Text: S.Res.485 — 111th Congress (2009-2010)All Information (Except Text)

There is one version of the bill.

Text available as:

Shown Here:
Agreed to Senate (04/15/2010)


111th CONGRESS
2d Session
S. RES. 485


Designating April 2010 as “Financial Literacy Month”.


IN THE SENATE OF THE UNITED STATES

April 15, 2010

Mr. Akaka (for himself and Mr. Enzi) submitted the following resolution; which was considered and agreed to


RESOLUTION

Designating April 2010 as “Financial Literacy Month”.

    Whereas according to the Federal Deposit Insurance Corporation, at least 25.6 percent of households in the United States, or close to 30,000,000 households with approximately 60,000,000 adults, are unbanked or underbanked and, subsequently, have missed opportunities for savings, lending, and basic financial services;

    Whereas according to the 2009 Consumer Financial Literacy Survey Final Report of the National Foundation for Credit Counseling, 41 percent of adults in the United States, or more than 92,000,000 adults living in the United States, gave themselves a grade of C, D, or F on their knowledge of personal finance;

    Whereas according to the National Bankruptcy Research Center, the number of personal bankruptcy filings reached 1,410,000 in 2009, a 32 percent increase from 2008 and the highest number since 2005;

    Whereas the 2009 Retirement Confidence Survey conducted by the Employee Benefit Research Institute found that the percentage of workers who were “very confident” about having enough money for a comfortable retirement decreased sharply, from 27 percent in 2007 to 18 percent in 2008 to 13 percent in 2009, the lowest since the question was first asked in the survey in 1993, and representing a 50 percent decline in worker confidence since 2007;

    Whereas according to a 2009 “Flow of Funds” report by the Federal Reserve, household debt stood at $13,600,000,000,000;

    Whereas according to the Department of Labor, only 43 percent of people in the United States have calculated how much they need to save for retirement;

    Whereas according to the 2009 Consumer Financial Literacy Survey Final Report of the National Foundation for Credit Counseling, 26 percent, or more than 58,000,000 adults, admit to not paying all of their bills on time;

    Whereas according to the 2009 Consumer Financial Literacy Survey Final Report of the National Foundation for Credit Counseling, 13 of adults in the United States, approximately 72,000,000 adults, report that they have no savings and only 23 percent of adults in the United States are now saving more than they did a year ago because of the current economic climate;

    Whereas according to the 2009 Consumer Financial Literacy Survey Final Report of the National Foundation for Credit Counseling, less than 12 of adults keep close track of their spending, and nearly 16,000,000 adults do not know how much they spend on food, housing, and entertainment, and do not monitor their overall spending;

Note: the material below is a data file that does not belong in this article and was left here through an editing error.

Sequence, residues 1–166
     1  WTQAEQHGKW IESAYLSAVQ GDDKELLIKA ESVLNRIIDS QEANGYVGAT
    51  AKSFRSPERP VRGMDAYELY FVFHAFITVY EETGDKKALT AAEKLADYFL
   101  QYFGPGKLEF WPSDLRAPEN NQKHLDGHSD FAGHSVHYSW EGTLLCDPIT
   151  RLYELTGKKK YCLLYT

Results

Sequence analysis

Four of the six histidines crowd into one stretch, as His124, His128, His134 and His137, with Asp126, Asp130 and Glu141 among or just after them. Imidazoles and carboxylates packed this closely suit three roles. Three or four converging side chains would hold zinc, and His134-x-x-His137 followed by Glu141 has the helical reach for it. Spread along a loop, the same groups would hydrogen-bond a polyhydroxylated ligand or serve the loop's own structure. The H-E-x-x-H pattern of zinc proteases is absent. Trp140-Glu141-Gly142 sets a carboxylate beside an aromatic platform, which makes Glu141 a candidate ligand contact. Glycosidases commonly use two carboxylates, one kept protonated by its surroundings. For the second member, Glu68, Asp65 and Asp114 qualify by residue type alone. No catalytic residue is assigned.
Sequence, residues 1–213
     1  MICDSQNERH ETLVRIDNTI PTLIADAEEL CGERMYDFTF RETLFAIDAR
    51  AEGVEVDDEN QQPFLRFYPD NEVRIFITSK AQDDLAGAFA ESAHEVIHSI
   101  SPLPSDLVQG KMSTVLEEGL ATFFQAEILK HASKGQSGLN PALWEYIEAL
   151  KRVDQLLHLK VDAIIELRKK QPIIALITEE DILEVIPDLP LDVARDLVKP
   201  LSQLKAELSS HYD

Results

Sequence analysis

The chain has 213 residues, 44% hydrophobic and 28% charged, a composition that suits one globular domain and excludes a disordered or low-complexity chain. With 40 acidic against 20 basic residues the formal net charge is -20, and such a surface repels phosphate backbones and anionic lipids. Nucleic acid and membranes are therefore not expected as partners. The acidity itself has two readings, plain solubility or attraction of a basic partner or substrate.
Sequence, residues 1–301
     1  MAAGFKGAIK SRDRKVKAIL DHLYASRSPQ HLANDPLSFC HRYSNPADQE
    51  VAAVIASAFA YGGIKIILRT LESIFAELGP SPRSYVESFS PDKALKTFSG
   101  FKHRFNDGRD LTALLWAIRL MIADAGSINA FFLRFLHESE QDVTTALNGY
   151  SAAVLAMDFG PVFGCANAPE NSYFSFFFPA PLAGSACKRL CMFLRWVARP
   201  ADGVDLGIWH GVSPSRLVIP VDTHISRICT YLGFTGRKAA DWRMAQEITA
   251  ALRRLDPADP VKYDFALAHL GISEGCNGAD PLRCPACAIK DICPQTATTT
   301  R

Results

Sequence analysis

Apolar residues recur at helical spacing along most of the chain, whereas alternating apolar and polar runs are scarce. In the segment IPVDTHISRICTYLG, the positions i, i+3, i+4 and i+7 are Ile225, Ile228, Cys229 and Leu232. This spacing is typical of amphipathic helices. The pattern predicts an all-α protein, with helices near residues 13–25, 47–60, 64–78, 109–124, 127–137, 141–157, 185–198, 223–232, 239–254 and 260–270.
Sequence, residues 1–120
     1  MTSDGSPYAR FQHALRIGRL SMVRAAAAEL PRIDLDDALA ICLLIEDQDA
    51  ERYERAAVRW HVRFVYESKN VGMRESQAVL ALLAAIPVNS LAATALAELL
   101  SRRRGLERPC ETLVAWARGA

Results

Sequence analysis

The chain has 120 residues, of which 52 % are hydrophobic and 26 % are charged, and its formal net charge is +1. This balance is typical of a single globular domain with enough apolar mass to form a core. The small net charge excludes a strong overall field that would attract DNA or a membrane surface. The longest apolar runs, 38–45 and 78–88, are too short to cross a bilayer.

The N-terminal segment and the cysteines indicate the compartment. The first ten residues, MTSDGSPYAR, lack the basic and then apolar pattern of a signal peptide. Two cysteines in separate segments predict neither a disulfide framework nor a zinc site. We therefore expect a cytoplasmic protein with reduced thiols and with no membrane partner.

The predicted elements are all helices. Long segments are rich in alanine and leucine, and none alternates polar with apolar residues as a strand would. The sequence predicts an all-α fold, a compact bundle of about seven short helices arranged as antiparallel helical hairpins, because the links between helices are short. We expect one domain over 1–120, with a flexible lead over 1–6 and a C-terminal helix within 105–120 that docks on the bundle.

Whereas the number of adults keeping close track of their spending has not improved since 2007;

    Whereas according to the sixth Survey of the States 2009: Economic, Personal Finance, and Entrepreneurship Education in Our Nation’s Schools, conducted by the Council for Economic Education, only 21 States require students to take an economics course as a high school graduation requirement, and only 19 States require the testing of student knowledge in economics;

    Whereas according to the sixth Survey of the States 2009: Economic, Personal Finance, and Entrepreneurship Education in Our Nation’s Schools, conducted by the Council for Economic Education, only 13 States require students to take a personal finance course either independently or as part of an economics course as a high school graduation requirement;

    Whereas expanding access to the mainstream financial system will provide individuals with less expensive and more secure options for managing finances and building wealth;

    Whereas quality personal financial education is essential to ensure that individuals are prepared to manage money, credit, and debt, and to become responsible workers, heads of households, investors, entrepreneurs, business leaders, and citizens;

    Whereas increased financial literacy empowers individuals to make wise financial decisions and reduces the confusion caused by an increasingly complex economy;

    Whereas a greater understanding of, and familiarity with, financial markets and institutions will lead to increased economic activity and growth;

    Whereas, in 2003, Congress found it important to coordinate Federal financial literacy efforts and formulate a national strategy; and

    Whereas, in light of that finding, Congress passed the Financial Literacy and Education Improvement Act of 2003 (Public Law 108–159; 117 Stat. 2003) establishing the Financial Literacy and Education Commission and designating the Office of Financial Education of the Department of the Treasury to provide support for the Commission: Now, therefore, be it

Resolved, That the Senate—

(1) designates April 2010 as “Financial Literacy Month” to raise public awareness about—

(A) the importance of personal financial education in the United States; and

(B) the serious consequences that may result from a lack of understanding about personal finances; and

(2) calls on the Federal Government, States, localities, schools, nonprofit organizations, businesses, and the people of the United States to observe the month with appropriate programs and activities.